WHEN I set out to write this piece, it seemed so obvious from a purely psychological perspective that ‘face coverings’ were a bad idea that I believed my principal question would be: ‘How come we got saddled with the practice?’ There were psychologists on the Scientific Pandemic Insights Group on Behaviour (SPI-B) reporting to the Covid-19 Sage Committee and my assumption was that their technical advice had somehow been overturned or ignored. I was wrong for two reasons: first, their terms of reference meant they were unlikely ever to be asked such a question; second, if they were asked, the composition of the committee meant any response would be pitched at completely the wrong level.
A good place to begin an assessment of the nature (as distinct from the content) of the psychological advice provided by SPI-B on face coverings is an article entitled ‘Staying ‘Covid-safe’: Proposals for embedding behaviours that protect against Covid-19 transmission in the UK’. This sets out a programme requiring changes to the ‘financial, social, and physical infrastructure’ of all sections of society. Impressive stuff, but well above the pay-grade of a mere psychologist; what I wanted to know was the exact form of advice about the psychological effects of ‘face coverings’. There is none, apart from the assumption that they should be worn (at least, in enclosed spaces). Indeed, this is seen as so far self-evident that the paper demands efforts to ‘embed’ the behaviour, so that, for example, ‘when I enter a crowded indoor space, I will wear a face covering’ becomes part of my social identity.
And that appears to be that: the discipline of psychology is relevant to this issue only inasmuch as it comments on the symbolic, social and political function not of masks, but of ‘mask behaviour’. This is made plain in a 2021 opinion piece in the British Medical Journal by two psychologists, one a member of SPI-B. ‘Messaging about the importance of masks as an efficacious means of stopping infections [sic] is critical,’ particularly when the public might be showing signs of ‘mask fatigue’. Face masks represent ‘a highly salient public sign that defines the identity of the wearer (or non-wearer). They have intense symbolic value and hence the meanings attributed to mask wearing become of critical importance to whether masks are worn. We choose to wear masks (or not) because of what we want to say about ourselves and also what others will assume about us’. The piece concludes with some decidedly tendentious political observations: ‘In an era of resurgent populism, the right have used masks as a core symbol of elite oppression. Masks become muzzles. The requirement to wear masks becomes an act of silencing. The success of this narrative is reflected in the way that use of masks associates negatively with Trump voting in the US and with Brexit voting in the UK.’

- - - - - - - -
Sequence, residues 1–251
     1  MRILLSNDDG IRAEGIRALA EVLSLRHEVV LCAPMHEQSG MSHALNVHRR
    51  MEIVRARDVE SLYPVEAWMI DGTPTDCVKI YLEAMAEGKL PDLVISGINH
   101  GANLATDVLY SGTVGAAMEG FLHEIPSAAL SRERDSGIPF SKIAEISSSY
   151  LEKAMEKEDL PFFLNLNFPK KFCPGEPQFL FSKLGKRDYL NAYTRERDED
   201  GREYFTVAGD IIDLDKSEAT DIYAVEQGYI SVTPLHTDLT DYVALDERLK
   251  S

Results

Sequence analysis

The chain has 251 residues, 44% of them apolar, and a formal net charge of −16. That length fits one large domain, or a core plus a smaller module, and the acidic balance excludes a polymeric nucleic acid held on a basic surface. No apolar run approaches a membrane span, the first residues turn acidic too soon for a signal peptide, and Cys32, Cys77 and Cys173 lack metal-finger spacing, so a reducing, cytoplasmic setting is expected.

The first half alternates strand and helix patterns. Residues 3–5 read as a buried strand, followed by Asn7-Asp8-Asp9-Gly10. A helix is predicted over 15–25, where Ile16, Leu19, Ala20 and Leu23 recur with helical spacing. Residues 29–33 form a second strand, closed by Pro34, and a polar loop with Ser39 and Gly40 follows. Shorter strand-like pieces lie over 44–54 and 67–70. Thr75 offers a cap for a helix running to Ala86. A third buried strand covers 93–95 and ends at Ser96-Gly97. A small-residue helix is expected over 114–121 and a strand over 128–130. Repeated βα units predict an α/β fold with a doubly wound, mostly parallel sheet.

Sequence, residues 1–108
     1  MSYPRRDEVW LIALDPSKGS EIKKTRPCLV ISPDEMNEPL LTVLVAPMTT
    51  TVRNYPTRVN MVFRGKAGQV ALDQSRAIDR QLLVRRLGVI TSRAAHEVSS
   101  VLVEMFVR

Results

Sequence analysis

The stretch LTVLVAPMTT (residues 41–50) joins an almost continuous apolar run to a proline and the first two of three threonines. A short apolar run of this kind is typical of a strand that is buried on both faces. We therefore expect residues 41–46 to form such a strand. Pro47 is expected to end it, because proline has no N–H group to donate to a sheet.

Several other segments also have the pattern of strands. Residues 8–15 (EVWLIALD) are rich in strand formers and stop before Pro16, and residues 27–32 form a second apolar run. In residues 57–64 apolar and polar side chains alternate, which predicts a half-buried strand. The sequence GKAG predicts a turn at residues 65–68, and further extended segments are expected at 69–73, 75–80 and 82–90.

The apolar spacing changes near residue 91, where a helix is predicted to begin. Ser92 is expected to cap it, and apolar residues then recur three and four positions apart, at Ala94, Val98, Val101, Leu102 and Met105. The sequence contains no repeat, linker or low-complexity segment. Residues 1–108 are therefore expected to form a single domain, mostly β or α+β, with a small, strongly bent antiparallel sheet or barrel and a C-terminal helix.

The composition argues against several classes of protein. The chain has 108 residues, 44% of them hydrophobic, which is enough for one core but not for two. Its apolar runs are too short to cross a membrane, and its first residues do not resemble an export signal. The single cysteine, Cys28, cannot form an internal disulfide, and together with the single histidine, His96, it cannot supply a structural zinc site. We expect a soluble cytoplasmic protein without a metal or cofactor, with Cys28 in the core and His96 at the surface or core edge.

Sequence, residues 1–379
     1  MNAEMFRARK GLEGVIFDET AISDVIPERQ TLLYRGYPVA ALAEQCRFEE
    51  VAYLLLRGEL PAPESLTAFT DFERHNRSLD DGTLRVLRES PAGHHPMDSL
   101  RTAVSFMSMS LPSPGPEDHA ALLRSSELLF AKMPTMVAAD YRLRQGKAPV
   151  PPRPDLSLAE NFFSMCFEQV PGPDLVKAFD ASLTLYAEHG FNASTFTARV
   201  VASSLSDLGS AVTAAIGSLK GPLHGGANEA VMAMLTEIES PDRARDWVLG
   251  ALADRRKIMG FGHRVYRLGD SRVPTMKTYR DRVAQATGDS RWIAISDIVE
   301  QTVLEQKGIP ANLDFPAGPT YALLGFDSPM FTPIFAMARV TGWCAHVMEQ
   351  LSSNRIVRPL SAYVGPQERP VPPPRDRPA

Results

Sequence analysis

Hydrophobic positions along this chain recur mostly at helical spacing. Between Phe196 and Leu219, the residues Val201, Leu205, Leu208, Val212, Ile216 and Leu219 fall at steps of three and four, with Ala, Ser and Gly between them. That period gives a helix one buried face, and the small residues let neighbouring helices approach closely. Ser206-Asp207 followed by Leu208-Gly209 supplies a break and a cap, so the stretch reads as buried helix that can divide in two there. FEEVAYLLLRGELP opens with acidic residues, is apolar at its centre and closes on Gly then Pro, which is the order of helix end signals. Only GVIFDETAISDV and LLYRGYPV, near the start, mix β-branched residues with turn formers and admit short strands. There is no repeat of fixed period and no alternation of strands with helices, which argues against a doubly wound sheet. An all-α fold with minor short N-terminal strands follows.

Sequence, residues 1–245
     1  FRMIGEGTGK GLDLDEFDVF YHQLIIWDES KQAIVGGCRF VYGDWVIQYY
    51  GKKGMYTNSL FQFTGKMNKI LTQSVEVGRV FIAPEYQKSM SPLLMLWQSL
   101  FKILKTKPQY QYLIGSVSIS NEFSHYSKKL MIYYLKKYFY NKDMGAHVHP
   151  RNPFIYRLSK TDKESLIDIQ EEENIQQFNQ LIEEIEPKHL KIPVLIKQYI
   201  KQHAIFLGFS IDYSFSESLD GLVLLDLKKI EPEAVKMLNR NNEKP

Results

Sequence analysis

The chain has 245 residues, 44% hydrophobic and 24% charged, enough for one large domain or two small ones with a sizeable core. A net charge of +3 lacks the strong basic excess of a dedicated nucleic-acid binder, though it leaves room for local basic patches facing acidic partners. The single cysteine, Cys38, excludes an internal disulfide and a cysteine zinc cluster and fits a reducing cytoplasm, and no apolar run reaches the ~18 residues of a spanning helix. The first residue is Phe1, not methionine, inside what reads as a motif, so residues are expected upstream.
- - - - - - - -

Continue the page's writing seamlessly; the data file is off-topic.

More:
I must say I find all this bizarre in the extreme. You hardly need a psychologist to explain that the first and most potent visual stimulus we all encounter is our mother’s face. There have been well over 5,000 papers published on the topic of mother-infant visual interaction; you can make a case that they form the bedrock of developmental psychology. Even from first principles, disruption to the visibility of the mother’s face is highly likely to have significant adverse developmental consequences. Why did nobody say this, or at least whisper it?
In fact, we can do far better than simply guess: research by David Lewkowicz and colleagues on the topic was published more than ten years ago and is consistent with a body of work going back for decades. For the first few months of life, infants look predominantly at their mother’s eyes – a bright glittering stimulus that moves independently of the face in which it is embedded. However, as babies begin to babble, their visual attention shifts to the mother’s mouth as she responds with speech. Psychologists have known for many years that the infant brain makes use of this information to model the device (mouth, lips, tongue) the mother is using to produce her native language. This is an automatic process, part of our genetic endowment and a key element in language acquisition. The infant brain needs this information and there are consequences of not getting it, and (ominously) almost certainly consequences of not getting it at the right time.
Knowing even that much, what would your advice be faced with the suggestion to cover the mother’s mouth?
This article is an expanded version of the December 2020 entry on Professor Kennedy’s Covid Diary blog.